Stephen van Beek MA, RP, DCTP, Guest TPS, Member Lacan Toronto

"A point of view can be a dangerous luxury when substituted for insight and understanding."- Marshall McLuhan

The Burdened Child

There are some who skip true childhood and arrive precociously in the world of the adult without experiencing much of the innocence that childhood ignorance is said to guarantee.

These are the kids who shoulder too much of the emotional and psychic burden of parents who find themselves unable to deal with the weight and responsibility of their own adult lives. Grief, loss, disappointment, worry, anxiety, anger, frustration and self-loathing descend from such parents into the very deepest recesses of the overburdened child.

What may such a child look like? Like a lonely, isolated adult, very much an imitator of its parents. Like one for whom who could actually say 'childhood is for other people". One around whom a subtle air of deprivation and grief clings, incongruously disconnected from the actual circumstances of the family itself. A young person with a soul too old and shoulders already weary.

Such a child is frequently, from the view of others, quite a success. Other adults, ignorant of the psychic dynamic, will praise the parents whose child seems so grown up for her age. See her deal successfully with the chaos around her, smiling cheerfully and ironing father's shirts, minding the baby, opening the bills for father to pay later, or willingly, so it seems, cooking dinner most nights because, as she claims. "I want to make Mother happy." And what a success she is destined to be, for she will repeat the burden in her own adult life…

Later when a friendly man, a confidant of these parents, molests her repeatedly she heeds his command not to say anything to the parents since it would just bother them. The majority of her adult years become a routine of falling in love and then shying away from men who genuinely care for her, lest she be a bother to them, so strong is the ingrained pattern of taking on all responsibility for things no child should bear alone. She clings to life tenaciously in a series of poorly paid occupations despite evident intellectual brilliance and a high level of integrity towards doing a good job because she says she cannot expect more from life. So she does, for unless she does the family's life together becomes impossible.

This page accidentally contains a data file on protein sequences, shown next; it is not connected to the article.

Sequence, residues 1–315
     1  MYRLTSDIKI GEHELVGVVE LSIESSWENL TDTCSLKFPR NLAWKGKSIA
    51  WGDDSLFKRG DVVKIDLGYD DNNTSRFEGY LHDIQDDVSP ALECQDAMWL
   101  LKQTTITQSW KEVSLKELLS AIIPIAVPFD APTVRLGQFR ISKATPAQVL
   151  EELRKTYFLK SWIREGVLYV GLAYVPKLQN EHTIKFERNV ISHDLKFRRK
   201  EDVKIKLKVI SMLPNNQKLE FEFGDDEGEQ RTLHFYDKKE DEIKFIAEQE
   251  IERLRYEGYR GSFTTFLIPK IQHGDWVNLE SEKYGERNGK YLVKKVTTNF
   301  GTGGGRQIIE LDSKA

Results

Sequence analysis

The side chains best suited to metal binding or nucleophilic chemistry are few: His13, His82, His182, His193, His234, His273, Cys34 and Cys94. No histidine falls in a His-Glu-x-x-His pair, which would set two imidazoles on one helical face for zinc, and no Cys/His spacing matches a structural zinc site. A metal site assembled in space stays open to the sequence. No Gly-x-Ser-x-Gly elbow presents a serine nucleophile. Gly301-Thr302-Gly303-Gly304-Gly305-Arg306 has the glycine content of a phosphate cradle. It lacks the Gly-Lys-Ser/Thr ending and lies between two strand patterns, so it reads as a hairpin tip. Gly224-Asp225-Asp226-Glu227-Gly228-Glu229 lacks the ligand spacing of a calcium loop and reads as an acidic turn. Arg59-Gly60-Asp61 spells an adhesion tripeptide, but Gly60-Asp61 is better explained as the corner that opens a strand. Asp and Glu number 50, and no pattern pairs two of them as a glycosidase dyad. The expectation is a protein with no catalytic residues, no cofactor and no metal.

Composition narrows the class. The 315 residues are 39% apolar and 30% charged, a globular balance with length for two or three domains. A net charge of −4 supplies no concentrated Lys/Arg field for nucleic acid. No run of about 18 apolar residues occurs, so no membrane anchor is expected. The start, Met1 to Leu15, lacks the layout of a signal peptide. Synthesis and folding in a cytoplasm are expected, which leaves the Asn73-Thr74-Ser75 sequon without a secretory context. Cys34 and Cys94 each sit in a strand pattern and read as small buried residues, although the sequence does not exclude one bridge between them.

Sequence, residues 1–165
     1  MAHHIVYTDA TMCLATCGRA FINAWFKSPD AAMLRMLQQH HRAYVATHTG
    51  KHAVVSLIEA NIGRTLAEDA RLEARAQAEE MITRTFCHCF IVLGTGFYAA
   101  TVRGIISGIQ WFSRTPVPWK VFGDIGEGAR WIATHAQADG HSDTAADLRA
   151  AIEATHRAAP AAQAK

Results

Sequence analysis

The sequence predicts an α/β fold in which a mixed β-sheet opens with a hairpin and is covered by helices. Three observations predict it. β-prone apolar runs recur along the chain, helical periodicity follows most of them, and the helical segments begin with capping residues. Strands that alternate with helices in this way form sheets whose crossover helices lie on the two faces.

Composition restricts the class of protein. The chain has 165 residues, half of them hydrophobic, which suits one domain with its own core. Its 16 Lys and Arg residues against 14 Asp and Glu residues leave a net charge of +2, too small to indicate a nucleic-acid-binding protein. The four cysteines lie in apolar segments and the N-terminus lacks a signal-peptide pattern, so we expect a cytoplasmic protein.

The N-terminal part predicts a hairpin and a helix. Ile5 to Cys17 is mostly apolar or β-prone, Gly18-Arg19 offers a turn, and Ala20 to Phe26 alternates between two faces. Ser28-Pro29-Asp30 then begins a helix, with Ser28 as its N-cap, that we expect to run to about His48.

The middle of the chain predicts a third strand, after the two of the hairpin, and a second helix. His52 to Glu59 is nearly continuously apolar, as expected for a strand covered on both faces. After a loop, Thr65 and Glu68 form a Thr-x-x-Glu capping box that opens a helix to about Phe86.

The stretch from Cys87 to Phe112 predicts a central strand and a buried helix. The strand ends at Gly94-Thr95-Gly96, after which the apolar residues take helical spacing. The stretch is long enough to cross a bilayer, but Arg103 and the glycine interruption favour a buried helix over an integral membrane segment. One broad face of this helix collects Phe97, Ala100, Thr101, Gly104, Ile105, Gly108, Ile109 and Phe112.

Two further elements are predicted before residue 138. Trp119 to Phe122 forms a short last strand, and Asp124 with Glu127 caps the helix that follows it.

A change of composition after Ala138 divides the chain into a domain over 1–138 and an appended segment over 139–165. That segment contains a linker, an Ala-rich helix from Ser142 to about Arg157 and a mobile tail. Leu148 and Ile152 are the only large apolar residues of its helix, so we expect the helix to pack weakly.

Or see the harried boy at the end of the school-day after hauling hundreds of newspapers door to door, pretending he is too old for the games that occupy his luckier playmates His reward is to count up his small change so that his future education will not burden father, who mother regards as a waster because he buys paperback novels in which to hide. Such a boy mediates the anguish of the parents, who live in their heads and avoid all the painful feelings of their own unsuccessful relationship. When the parents are frustrated with each other and he cannot bring them peace, they beat him. Then further punish him by forcing him to apologize to them for being such a difficult child.

The same child studies hard, even in the early years of school, in order to meet the intellectual expectations of his parents, who tell him it will be very difficult for him to be admitted to a college, he lacks intelligence, and without such an education his life will be a misery. He does not know that what he is living is misery, so this motivates him through fear. He wants this praise, even if it is not forthcoming. Praise in such a household is in the form of telling him how he should improve, not of recognizing what was well done.

Later such a child arrives at university, sees that even the lazy are admitted, and is astonished that all his worrying and woe about whether he can make the grade has been in vain. It may take years for him to realize that his lowered self-esteem belonged to his parents, who were anxious about their own intellectual capacity. In the meantime he has diminished his capacity to be socially at ease with those his own age because his burden has been consuming him.

Many years of such a grown-up boy's life are spent overachieving in the hope of getting recognition, but always managing not to ask for adequate financial compensation or recognition, because the family injunction is that nobody deserves more than a little bit to live on.